During and after the show's run, several DVDs containing select episodes of the series were released, especially by Cookie Jar Entertainment. These DVDs sometimes included extra features, such as episode and language selection settings and voiced character descriptions by child voice actors. The complete first season was later released in North America by Mill Creek Entertainment, which featured select episodes from various Cookie Jar shows, including episodes from Busytown Mysteries, Horseland, Wimzie's House, Simon in the Land of Chalk Drawings, Happy Castle and The Wombles.

In the UK, VHS and DVD releases were handled by Abbey Home Media and Direct Source Products.[18]


In 2000, Alphanim, Tiji, and CINAR created a bilingual Adobe Flash-based website under the domain name This website featured several games and activities that included characters and settings from the series. The domain had been deactivated by 2016, but archived versions of the site still exist. Due to the discontinuation of the Adobe Flash Player at the end of 2020, archived versions of the website may be inaccessible.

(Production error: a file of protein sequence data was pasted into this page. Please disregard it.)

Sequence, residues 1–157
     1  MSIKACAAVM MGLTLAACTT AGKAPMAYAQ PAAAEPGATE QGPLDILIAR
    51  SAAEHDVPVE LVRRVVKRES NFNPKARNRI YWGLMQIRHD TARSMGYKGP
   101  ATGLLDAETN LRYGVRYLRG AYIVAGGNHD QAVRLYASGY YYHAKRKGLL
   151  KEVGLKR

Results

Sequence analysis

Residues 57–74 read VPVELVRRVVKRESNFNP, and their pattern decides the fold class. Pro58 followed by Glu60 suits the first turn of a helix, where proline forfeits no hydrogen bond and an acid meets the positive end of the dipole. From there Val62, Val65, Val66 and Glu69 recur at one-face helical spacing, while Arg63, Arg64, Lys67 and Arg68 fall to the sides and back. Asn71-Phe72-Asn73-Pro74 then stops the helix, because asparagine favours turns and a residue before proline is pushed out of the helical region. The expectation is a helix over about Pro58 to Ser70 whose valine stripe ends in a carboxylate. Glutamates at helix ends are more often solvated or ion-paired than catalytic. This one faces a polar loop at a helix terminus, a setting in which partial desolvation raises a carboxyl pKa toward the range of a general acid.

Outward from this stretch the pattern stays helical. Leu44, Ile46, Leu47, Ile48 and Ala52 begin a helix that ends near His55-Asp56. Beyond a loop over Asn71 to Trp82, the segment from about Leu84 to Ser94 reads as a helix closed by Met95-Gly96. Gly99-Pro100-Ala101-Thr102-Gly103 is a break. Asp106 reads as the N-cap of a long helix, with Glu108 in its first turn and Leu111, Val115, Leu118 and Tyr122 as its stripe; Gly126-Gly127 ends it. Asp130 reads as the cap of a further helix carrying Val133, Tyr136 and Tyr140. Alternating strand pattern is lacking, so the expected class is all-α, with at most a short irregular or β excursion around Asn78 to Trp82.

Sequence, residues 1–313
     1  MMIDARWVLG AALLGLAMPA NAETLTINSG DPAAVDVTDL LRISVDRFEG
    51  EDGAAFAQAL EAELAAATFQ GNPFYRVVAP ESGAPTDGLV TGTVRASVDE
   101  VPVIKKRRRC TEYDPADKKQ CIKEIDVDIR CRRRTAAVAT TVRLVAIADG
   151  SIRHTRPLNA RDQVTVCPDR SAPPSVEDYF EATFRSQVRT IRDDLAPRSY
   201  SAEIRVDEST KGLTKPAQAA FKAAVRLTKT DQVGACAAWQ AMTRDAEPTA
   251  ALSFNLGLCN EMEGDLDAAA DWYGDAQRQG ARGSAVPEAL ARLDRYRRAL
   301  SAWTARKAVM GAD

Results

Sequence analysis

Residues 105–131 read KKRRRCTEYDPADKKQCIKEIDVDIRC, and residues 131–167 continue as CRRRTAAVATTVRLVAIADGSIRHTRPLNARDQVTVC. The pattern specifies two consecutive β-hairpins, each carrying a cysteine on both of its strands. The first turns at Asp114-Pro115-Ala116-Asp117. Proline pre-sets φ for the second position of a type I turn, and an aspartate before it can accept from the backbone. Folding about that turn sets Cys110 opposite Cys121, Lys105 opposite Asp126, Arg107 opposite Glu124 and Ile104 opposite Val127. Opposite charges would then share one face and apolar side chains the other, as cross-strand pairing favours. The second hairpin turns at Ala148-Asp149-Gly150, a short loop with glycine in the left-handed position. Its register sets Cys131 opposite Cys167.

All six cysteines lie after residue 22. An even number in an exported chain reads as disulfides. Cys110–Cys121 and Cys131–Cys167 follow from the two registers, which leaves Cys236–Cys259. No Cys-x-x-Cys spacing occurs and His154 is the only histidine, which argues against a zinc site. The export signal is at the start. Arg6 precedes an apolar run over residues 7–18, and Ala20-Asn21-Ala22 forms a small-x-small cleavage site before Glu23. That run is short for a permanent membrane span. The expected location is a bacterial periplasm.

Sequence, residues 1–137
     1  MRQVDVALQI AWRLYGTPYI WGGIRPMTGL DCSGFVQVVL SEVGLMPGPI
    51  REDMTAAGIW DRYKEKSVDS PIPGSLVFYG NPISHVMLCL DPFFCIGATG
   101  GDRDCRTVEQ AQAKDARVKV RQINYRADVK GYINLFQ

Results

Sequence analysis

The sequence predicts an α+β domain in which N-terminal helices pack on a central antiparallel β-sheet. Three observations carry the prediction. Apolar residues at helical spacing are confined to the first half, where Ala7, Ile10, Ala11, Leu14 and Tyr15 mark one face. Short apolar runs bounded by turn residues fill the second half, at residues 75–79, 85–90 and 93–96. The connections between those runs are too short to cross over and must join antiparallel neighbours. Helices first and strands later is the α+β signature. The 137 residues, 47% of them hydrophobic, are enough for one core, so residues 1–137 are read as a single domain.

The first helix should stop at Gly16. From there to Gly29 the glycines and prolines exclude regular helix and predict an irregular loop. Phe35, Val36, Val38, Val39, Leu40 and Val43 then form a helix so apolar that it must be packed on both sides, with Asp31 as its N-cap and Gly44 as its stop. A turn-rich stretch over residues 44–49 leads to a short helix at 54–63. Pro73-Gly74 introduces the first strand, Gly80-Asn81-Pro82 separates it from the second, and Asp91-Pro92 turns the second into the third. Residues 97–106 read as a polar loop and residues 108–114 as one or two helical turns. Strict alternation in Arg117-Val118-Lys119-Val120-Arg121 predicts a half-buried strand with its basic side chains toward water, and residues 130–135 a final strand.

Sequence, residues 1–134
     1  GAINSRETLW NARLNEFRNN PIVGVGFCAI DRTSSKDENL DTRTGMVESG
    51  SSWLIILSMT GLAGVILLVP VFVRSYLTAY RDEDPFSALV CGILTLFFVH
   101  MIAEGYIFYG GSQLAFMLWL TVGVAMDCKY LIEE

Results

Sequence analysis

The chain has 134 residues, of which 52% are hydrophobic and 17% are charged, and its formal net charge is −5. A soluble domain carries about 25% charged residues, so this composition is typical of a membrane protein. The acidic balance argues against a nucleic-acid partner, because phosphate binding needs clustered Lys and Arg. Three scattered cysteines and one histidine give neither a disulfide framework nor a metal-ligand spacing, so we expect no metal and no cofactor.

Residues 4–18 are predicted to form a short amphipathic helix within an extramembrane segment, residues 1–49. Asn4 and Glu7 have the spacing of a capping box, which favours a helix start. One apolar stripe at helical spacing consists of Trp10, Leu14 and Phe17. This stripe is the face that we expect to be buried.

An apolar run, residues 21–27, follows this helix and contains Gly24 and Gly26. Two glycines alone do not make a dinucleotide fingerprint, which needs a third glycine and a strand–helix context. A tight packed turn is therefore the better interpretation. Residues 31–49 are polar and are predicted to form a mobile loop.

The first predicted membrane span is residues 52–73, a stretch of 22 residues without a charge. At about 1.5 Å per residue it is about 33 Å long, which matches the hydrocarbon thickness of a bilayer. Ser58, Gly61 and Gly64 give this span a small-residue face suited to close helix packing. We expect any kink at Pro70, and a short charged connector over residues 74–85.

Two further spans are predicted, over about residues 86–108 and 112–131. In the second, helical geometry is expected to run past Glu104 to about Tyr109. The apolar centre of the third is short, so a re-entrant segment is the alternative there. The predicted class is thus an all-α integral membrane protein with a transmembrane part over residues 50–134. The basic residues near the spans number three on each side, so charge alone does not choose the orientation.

See also


  1. ^ a b "Mona the Vampire". Alphanim. Archived from the original on June 15, 2006. Retrieved May 22, 2022.
  2. ^ "About". Storymachine. Archived from the original on May 16, 2022. Retrieved May 22, 2022.
  3. ^ "Let's Talk About Luck". Storymachine. May 28, 2021. Archived from the original on July 30, 2023. Retrieved November 23, 2021.